Episode commentary from Episode 5 of Do Fries Come With That Convo
I’m so tired of these “cruelty-free” advocates.
Because honestly, the phrase “cruelty-free” is bullsh*t. There’s almost nothing that’s without some form of cruelty these days.
Here’s what I know…
Just because something is vegan and not tested on animals does not mean that the product is “cruelty-free.”
Folks out here asking if their lotion was tested on animals but neglecting to determine if the women who produced the shea butter in that luxury body balm were abused and exploited.
Go with me for a second.
An article from Huffpo shared a story about the women-dominated shea butter industry said this, “It’s not just meager wages that befall these women. Since the industry isn’t regulated, women farmers are abused and beaten by local men.
Yep, you read that correctly.
A Ghanaian woman may have been beaten so that you could have supple tresses.
So what do we do? Look for the “Fair Trade” label then?
Sure, that’s a start.
But when we say “cruelty-free,” we’ve gotta look deeper.
Does that product contain plastic? Yes? Then, the ocean animals would not consider that cruelty free.
Does the brand or store you buy product from exploit undocumented immigrants directly or indirectly?
Has the land used to produce this crop fell victim to deforestation? Then, you’ve done a whole heap of harm to animals, plants, people, the environment overall and (in the long-term) yourself.
If you’re not familiar with the concept of deforestation then you need to be.
Pachamama.org defines deforestation as “the clearing, destroying, or otherwise removal of trees through deliberate, natural or accidental means.”
Pachamama goes on to say that:
As large amounts of forests are cleared away, allowing exposed earth to whither and die and the habitats of innumerable species to be destroyed, the indigenous tribes who depend on them to sustain their way of life are also irreparably damaged.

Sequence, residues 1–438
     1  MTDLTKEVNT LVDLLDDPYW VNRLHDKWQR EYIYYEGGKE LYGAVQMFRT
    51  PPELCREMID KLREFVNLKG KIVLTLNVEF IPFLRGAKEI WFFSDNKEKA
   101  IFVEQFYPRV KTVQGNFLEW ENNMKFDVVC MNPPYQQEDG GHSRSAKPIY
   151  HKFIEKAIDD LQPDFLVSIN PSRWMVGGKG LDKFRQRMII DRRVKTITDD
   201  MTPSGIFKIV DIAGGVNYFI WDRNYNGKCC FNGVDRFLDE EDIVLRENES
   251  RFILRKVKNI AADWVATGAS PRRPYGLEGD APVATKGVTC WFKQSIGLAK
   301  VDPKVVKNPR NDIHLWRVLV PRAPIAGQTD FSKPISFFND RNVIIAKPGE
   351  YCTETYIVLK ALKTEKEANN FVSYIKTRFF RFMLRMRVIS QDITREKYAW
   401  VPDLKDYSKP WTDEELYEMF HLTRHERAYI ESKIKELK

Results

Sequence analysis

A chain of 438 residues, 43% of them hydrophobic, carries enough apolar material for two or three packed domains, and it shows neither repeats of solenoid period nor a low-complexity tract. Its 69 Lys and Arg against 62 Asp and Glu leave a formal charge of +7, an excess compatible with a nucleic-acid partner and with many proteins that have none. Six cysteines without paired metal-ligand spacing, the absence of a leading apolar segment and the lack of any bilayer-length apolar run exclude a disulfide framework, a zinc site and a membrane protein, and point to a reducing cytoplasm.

One of the most dangerous and unsettling effects of deforestation is the loss of animal and plant species due to their loss of habitat; not only do we lose those known to us, but also those unknown, potentially an even greater loss.
And the loss of trees and other vegetation can cause climate change, desertification, soil erosion, fewer crops, flooding, increased greenhouse gases in the atmosphere, and a host of problems for indigenous people.
We know that meat production is the largest contributor of greenhouse gas emissions—even above big oil.
But my dear vegans, don’t get too haughty.
We’ve gotta take a hard look at the impact that soy is having on the environment as well.
The Guardian reported that “since 1996, when the government authorised the introduction of genetically modified soya bean, Argentina has cleared nearly a quarter of its native forests. Much of that newly cleared land has been turned over to the soya bean crop that has been critical to Argentina’s cyclically ravaged economy. ‘Argentina is in a forest emergency,’ says Natalia Machain, director of Greenpeace Argentina.”
So what can we do?
1. Start by limiting soy. It’s in everything it seems, but if you commit to less processed foods, you’ll limit your overall soy intake. (And yes, there are a lot of crops negatively impacting the environment, but let’s start somewhere).
2. Ask questions of the brands you support. And support for organizations that are at least trying to do good holistically.
3. Before you scoff or turn your nose up to someone who has not learned as much as you or not committed to veganism in the way that you have...remember that plastic-bottle conditioner with shea butter that’s probably in your shower caddy right now. Or that tofu slab you’ve got soaking in marinade for dinner tonight.
4. Be thoughtful in your actions and less critical of others. And while you’re at it, don’t forget to be patient with yourself as well.
5. Commit to doing better. Because that’s when you do your best.
For more, listen in to Episode 5 of Do Fries Come With That Convo podcast.